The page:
Tobba Ágústsdóttir/@fencingtobba, via LiveScience.com
The fissure between Bardarbunga and Askja volcanoes in Iceland, at dawn.

Iceland’s Bardarbunga Volcano Is Spewing Lava

ICTMN Staff
8/30/14

The eruption that seismic experts have been waiting for has begun. Bardarbunga, the volcano under Iceland’s biggest glacier, is spewing lava.

“Magma broke through a rift in an older lava flow around midnight local time (about 8 p.m. ET),” reported LiveScience.com on August 28.

Early estimates put the new fissure at just over half a mile long, LiveScience.com said, with a lava field forming 5.5 miles north of Dyngjujokull glacier, between Bardarbunga and Askja volcano, not far away. Bardarbunga is on red alert, raised from last week’s orange, and planes are being diverted, LiveScience.com said, although there is no ash cloud.

“Molten rock is tunneling sideways underground toward Askja from Bardarbunga,” Livescience.com said, explaining that the narrow magma intrusion is known as a dike, and stretches about 25 miles.

The eruption follows weeks of escalating earthquake activity that has had the country’s volcano experts on alert. On August 27, according to the University of Iceland in a tweet, some sinkholes have opened up southeast of Bardarbunga measuring from 2.5 to 3.7 miles wide and 33–50 feet deep.

There’s a chance this could be the end of it, though scientists still aren’t sure.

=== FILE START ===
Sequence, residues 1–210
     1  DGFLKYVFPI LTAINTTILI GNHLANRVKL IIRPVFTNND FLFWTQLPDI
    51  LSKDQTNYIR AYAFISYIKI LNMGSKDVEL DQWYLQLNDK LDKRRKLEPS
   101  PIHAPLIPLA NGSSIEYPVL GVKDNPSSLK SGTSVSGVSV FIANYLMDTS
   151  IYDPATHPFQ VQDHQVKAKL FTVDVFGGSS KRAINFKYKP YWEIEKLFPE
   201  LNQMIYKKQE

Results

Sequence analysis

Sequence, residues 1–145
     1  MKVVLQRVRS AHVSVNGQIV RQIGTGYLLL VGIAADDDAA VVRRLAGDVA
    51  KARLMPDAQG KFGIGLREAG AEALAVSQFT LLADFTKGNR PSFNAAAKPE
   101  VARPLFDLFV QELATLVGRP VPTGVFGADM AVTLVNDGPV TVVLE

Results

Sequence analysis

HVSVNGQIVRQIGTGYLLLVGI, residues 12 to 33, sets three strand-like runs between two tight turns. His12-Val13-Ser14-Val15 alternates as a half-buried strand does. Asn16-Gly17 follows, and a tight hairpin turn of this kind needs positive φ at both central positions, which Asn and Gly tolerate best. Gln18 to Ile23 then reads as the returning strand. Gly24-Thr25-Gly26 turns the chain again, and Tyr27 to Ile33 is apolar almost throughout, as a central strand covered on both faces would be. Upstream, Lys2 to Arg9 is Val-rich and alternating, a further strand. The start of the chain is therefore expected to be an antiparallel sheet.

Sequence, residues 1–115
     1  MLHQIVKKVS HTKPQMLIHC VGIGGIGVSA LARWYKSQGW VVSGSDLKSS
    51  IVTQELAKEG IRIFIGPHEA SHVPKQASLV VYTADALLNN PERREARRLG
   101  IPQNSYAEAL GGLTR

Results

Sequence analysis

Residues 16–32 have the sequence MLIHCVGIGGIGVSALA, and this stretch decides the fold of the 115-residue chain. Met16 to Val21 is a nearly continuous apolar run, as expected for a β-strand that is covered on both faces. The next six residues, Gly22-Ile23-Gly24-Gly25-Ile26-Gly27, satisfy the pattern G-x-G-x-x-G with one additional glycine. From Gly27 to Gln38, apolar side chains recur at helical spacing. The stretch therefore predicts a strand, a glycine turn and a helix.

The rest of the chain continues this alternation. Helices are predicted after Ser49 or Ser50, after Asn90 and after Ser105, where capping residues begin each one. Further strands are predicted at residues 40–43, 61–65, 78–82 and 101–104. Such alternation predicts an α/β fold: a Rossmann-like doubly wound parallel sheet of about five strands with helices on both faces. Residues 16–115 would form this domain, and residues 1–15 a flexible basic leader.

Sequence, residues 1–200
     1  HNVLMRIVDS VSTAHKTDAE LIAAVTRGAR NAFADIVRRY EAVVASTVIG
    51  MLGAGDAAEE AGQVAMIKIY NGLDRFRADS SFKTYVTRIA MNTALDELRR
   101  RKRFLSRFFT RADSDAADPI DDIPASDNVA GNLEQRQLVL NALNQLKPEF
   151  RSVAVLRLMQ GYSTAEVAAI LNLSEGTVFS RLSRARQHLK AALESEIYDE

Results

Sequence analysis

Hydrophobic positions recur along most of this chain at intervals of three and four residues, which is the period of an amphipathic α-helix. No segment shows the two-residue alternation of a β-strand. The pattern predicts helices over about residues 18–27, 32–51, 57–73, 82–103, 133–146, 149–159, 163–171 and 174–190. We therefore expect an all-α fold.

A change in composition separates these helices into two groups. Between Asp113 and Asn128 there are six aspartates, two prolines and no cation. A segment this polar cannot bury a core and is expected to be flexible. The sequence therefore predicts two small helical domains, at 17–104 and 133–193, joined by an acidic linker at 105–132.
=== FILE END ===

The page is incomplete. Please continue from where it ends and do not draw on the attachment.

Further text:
“At this moment it is unclear how the situation will develop,” the Icelandic Met Office said on its website. “However, three scenarios are considered most likely.”

The first scenario involves… nothing. That would mean that the volcano had taken enough pressure off and would quiet back down again. Or, the lava dike could surface north of Dyngjujökull and cause another eruption, one that could generate lava and “explosive activity,” the office said.

Another possible scenario is that the flowing lava emerges, erupting through other fissures under Dyngjujökull.

“This would most likely produce a flood in Jökulsá á Fjöllum and perhaps explosive, ash-producing activity,” the Icelandic Met Office said. For this reason Badarbunga’s flight code has been upped to orange to indicate that significant ash emissions are unlikely, the office said.

“Other scenarios cannot be excluded,” the office said, noting that Barbardunga still has the potential to erupt inside the caldera.

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